Modern Paperweights covers the period from ca. 1930 to the present day. It includes millefiori, lamp-, torch- and flamework paperweights, surface-decorated and abstract designs. As the majority of collector-quality paperweights are produced in Europe and America we have divided the Modern Paperweight section accordingly, to avoid having a long list of names to scroll down. Other Countries account for only a few top-quality modern paperweights.
Within the categories the artists, studios and glass works are listed alphabetically.
Click on one of the categories below - or in the left-hand column - for images and details
In Europe, the pioneering artistry of Paul Ysart in Scotland in the 1930s, and the revival of paperweight production at Baccarat and St. Louis in France in the 1950s, helped paperweights regain some of the popularity they had enjoyed in the mid-19th Century. Initially produced in larger glassworks, today the trend is towards smaller glass “studios” and artists working on their own, who can react more flexibly to changing market requirements.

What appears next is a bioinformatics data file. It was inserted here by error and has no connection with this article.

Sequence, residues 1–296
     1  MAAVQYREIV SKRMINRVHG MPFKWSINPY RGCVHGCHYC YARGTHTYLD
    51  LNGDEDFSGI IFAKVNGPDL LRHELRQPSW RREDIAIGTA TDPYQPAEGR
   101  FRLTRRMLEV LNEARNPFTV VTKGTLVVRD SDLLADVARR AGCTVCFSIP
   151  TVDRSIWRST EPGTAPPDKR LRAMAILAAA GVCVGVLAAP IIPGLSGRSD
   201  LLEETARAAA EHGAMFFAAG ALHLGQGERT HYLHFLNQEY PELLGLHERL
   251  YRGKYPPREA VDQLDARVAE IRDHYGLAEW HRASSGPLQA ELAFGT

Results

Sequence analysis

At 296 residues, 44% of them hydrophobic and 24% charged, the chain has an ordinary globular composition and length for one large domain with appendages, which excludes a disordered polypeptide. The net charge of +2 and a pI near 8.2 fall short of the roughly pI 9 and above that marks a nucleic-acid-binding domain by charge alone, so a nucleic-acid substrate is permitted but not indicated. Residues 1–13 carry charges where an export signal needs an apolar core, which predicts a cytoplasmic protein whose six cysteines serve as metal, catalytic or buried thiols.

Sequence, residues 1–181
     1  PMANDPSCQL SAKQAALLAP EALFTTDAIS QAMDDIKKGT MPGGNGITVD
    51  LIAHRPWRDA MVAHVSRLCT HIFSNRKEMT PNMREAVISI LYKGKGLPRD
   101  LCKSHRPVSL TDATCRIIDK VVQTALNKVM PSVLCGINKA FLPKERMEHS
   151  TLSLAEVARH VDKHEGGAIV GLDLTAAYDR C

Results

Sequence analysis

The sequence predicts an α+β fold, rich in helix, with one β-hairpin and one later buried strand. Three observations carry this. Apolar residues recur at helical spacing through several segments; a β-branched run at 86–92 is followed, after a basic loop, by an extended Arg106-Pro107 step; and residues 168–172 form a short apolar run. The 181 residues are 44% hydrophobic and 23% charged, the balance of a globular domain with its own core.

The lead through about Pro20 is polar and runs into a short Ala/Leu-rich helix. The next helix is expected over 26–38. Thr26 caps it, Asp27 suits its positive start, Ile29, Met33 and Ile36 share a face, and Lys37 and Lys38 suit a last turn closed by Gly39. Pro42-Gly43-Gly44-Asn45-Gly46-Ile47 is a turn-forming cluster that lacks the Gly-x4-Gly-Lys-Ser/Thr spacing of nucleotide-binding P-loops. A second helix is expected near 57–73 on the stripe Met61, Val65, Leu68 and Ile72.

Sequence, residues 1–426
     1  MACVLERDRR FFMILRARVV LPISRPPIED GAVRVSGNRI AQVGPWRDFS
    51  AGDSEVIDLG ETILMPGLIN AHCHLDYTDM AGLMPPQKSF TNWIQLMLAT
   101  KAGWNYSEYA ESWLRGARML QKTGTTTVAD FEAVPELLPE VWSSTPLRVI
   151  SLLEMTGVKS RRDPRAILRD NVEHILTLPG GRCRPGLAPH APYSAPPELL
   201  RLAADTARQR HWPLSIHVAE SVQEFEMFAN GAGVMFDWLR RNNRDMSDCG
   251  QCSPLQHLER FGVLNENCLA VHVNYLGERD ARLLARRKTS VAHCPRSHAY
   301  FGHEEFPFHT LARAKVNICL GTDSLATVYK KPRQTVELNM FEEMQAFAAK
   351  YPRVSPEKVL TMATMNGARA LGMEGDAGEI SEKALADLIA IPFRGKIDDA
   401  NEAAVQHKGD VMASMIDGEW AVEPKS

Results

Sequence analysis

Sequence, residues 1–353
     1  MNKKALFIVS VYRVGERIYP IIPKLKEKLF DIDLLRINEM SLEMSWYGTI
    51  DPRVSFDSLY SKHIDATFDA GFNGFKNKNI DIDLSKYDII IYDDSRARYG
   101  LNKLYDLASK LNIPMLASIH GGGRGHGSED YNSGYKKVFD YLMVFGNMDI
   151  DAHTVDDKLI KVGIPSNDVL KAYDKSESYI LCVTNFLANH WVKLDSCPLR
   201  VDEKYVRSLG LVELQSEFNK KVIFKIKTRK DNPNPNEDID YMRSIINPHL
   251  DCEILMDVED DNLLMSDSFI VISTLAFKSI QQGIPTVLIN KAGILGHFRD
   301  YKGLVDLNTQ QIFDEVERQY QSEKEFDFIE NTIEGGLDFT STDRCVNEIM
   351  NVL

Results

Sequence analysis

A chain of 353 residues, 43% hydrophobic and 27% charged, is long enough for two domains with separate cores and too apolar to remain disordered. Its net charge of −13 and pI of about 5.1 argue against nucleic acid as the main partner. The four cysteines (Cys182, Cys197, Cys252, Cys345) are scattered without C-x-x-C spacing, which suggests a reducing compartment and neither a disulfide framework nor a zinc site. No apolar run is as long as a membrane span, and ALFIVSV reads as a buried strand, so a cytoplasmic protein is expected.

Click below - or on the individual glassworks/artist in the left-hand column - for images and more information
Modern American paperweights are at the cutting-edge in glass quality, design and innovative ideas. In the 1940s, a handful of “pioneers” re-discovered the “lost art” of millefiori, lampworking and paperweight-making and began to develop new methods of working with hot glass. They encouraged a whole generation of younger artists who today continue to develop new techniques and create their own individual styles.
Click below - or on the individual artist/studio in the left-hand column - for images and more information
Apart from the mainstream European and American makers, in a number of Other Countries artists and studios have produced - and in some cases still are producing - collector-quality paperweights. For instance, the excellent bouquets and floral designs made by artists in New Zealand and Australia and, of course, abstract designs from Scandinavia. Increasingly, paperweights from Eastern Europe are appearing on the market, as well as the “old favourites” from Murano, Malta and, of course, from China.
Click below - or on the artist/studio in the left-hand column - for images and more information